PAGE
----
“We stuck with it and it’s cool to see the hard work pay off,” said Adams. “Last weekend we got third place at the Sun Valley tournament and in my freshman year we would have never even thought about getting that far.”

Those early drubbings not only motivated the players to learn more skills, but also gain an appreciation of how to play the game the right way.

“A lot of teams we play have poor sportsmanship,” said Adams. “We’ve kind of been there and we know what it’s like to lose.”

“I appreciate that we’re not a bunch of jerks out there making fun of people that are trying their best,” he continued.

Breaking Away

That mature mindset is a testament to the coaching the three seniors have had over their time with the Cutthroats program.

“I’ve played a lot of sports through high school, and hockey coaching is definitely different than all the other ones,” said Gentry. “It’s a lot more personal.”

The current High School coaches for the Cutthroats are Head Coach George Steiner, as wll as assistant coaches Davis Sebald and Crista Pentz.

Adams is thankful that the coaches have done things like taking phones away at team dinners.

“It might suck at the time, them telling you to give them your phone but after that you appreciate it, talking with your teammates and forming bonds that you usually don’t have the opportunity to make,” said Adams.

The transmission of these off-ice skills can be attributed to the toughness the sport requires, especially at the high school level.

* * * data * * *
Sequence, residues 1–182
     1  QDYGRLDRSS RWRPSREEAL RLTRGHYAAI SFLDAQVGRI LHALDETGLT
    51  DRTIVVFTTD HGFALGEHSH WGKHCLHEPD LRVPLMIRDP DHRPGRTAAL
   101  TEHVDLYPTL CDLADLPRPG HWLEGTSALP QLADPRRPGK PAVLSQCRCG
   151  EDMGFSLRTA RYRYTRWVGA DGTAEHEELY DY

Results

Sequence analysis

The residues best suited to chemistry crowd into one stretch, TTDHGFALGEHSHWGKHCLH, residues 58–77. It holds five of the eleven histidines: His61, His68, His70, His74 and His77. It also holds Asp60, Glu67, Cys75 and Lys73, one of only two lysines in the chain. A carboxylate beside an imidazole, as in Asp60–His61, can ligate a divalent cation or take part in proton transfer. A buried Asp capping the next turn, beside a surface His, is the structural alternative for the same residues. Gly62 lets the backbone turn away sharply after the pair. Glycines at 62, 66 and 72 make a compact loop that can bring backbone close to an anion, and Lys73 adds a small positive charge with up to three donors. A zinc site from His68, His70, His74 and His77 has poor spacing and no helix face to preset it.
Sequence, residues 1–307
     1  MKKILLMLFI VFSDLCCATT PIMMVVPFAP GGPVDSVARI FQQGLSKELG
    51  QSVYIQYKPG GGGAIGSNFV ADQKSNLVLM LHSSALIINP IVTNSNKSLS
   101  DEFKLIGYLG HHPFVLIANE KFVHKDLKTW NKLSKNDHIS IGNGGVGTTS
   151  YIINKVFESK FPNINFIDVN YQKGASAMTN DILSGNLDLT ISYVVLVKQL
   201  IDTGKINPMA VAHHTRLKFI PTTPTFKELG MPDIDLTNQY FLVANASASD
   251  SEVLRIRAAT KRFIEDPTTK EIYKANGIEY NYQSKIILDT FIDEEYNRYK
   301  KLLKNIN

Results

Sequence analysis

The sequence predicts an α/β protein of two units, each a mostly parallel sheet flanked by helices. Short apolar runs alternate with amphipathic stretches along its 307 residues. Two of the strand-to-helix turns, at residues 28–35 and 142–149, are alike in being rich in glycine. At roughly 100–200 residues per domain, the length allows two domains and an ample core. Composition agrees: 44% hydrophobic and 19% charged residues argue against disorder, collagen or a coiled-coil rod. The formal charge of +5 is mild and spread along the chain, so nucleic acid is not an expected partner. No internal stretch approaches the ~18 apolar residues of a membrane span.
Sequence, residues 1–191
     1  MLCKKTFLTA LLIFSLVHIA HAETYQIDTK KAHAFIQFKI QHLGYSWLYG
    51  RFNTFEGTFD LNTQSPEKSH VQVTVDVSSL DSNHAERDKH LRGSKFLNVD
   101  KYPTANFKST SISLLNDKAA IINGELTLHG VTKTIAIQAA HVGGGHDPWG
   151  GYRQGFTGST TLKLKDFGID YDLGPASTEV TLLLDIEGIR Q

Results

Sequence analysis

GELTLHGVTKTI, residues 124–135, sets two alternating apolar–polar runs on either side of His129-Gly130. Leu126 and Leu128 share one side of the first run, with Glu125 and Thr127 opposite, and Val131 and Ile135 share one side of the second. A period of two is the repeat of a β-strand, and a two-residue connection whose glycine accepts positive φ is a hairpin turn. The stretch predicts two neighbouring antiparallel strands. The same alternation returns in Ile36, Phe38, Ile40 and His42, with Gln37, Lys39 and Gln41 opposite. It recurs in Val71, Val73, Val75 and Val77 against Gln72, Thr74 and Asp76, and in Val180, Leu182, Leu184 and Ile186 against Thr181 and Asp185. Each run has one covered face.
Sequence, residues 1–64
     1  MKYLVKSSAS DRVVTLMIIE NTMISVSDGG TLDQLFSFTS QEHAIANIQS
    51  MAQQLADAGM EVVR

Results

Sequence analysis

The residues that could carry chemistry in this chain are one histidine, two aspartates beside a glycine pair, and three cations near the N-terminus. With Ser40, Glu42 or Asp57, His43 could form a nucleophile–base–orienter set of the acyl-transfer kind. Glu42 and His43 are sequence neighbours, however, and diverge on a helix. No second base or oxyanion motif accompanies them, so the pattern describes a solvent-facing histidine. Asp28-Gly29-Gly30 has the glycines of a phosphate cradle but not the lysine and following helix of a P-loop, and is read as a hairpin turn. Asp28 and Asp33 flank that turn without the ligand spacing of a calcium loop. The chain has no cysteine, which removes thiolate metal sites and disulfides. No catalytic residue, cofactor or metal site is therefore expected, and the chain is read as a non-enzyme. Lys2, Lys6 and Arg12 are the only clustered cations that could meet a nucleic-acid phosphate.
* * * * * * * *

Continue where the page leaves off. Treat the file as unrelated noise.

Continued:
“They’re a bit harder on us and it was just really cool to see that and how our coaches are not just building us into a team but also growing us into good all-around people,” said Schroeder.

“When we go out and leave this program we’ll have life skills to take with us and that’s really awesome,” he continued.

Keeping the team in mind, and not the individual, is a big strength of the coaching according to Adams.

“The coaches make us work together as a team, instead of individually,” said Adams. “It’s not just one person leading the pack, it’s everyone carrying the weight.”

“The person in the back is pushing everyone else forwards,” said Adams.

Just as important as the role of the coaching in developing maturity is the role of the parents, which all three can attest to.

“Maybe one tournament I’ve ridden with Ben, but other than that at least one of them has come to every single tournament which has been awesome,” said Gentry. “I’m glad that we get to start winning and it will be more entertaining for them.”

It says a lot that after giving hockey up for a couple of seasons, Schroeder’s parents supported him no matter what sport he played.

“They supported me all the way through and in whatever I do,” said Schroeder.

Perhaps the best-put response was from Adams.

“It’s unconditional support,” said Adams. “My parents, mainly my mom as she’s been there for us, even while we were losing. Now that we’re winning she told me it was hard to watch you guys lose because she knew the team and I have been putting everything I had into every game.”

It wasn’t just the belief that Adams’s mother and father had, but also the willingness to help make it happen no matter the outcome.

“Paying for those expenses just to watch us lose, they definitely realized that there was a bigger picture behind hockey than winning,” said Adams.

The rewards are something you just can’t put a value on.

“I made so many friends through this program and a lot of lessons in life about how to be a good person, a true person, as well as learning how to deal with responsibilities,” said Adams. “It taught me how to be a leader, and I couldn’t have done it without my parents support for hockey.”